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Protest caravan drives through Minneapolis, demanding justice for Black man killed by police

A protester holds a sign demanding justice for Amir Locke at a rally on Saturday, Feb. 5, 2022, in Minneapolis. (Photo by AP)

A caravan of vehicles drove through the US city of Minneapolis demanding justice Amir Locke, an African-American man who was fatally shot by police in a downtown apartment.

The protest caravan involving some 50 vehicles was organized by the Racial Justice Network and other police accountability groups on Sunday.

The protesters then gathered in a neighborhood outside the residence of interim Police Chief Amelia Huffman, and demanded justice for Locke and Breonna Taylor, a Black woman who was killed by Kentucky police under a similar circumstance. 

Amir Locke, 22, was shot Wednesday by officers carrying out a so-called no-knock search warrant on the apartment in Minneapolis.

A police bodycam video  shows an officer using a key to unlock the door and then a SWAT team entering the apartment while shouting, "Police, search warrant!" They open fire as soon as Locke, sleeping on a couch, starts to rise from beneath a blanket, with a gun in his hand.

The total time between the officers' entrance and the shots fired was less than ten seconds. Locke died from his wounds in hospital. An incident report said he had two wounds in the chest and one in the right wrist.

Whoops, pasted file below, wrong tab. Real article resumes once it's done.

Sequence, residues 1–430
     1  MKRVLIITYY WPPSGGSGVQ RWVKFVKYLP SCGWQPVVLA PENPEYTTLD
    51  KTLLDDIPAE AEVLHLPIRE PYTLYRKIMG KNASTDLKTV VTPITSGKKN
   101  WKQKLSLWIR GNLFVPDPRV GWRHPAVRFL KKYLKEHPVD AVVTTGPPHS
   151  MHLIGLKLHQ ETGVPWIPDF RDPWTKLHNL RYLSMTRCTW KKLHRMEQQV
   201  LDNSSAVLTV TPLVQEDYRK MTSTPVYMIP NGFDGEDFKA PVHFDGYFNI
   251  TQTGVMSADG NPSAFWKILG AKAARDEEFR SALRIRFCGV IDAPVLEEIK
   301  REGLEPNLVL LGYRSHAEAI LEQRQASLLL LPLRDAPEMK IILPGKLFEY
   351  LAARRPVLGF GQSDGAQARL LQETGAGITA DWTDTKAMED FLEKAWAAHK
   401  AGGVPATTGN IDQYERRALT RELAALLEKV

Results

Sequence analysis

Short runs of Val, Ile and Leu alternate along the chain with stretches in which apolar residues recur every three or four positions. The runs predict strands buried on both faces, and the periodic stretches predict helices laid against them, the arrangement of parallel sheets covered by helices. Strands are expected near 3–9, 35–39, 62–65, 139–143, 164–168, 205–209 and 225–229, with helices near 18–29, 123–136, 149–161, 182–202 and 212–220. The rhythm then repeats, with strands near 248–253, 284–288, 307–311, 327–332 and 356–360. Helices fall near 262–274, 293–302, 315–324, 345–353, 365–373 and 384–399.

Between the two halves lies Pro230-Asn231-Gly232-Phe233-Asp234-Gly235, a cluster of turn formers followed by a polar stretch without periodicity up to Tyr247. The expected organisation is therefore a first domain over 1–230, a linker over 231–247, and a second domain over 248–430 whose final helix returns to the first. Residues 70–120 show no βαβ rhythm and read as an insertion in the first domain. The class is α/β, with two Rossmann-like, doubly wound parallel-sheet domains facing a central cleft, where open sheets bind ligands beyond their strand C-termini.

Minneapolis is still reeling from the high-profile killing of George Floyd, an unarmed Black man whose death at the hand of a white officer in 2020 sparked nationwide protests against racism and police brutality.

 The caravan protesters called for Huffman to resign.

“We’re asking for her job,” said activist Toussaint Morrison over a microphone outside the home, “because it seems like the only time they pay attention is when it affects their jobs or their money. But we pull up when it affects our lives.”

The gathering follows a march Saturday that drew hundreds of demonstrators to the streets of Minneapolis.

Locke’s parents, Andre Locke and Karen Wells, say their son was “executed” after he was startled from a deep sleep when police stormed the apartment he was in and reached for a legal firearm to protect himself.

They said Locke was a law-abiding citizen who was respectful to all, including the police and had legal authorization to carry a gun.

Two days after Locke’s death, Minneapolis Mayor Jacob Frey imposed a moratorium on no-knock warrants.


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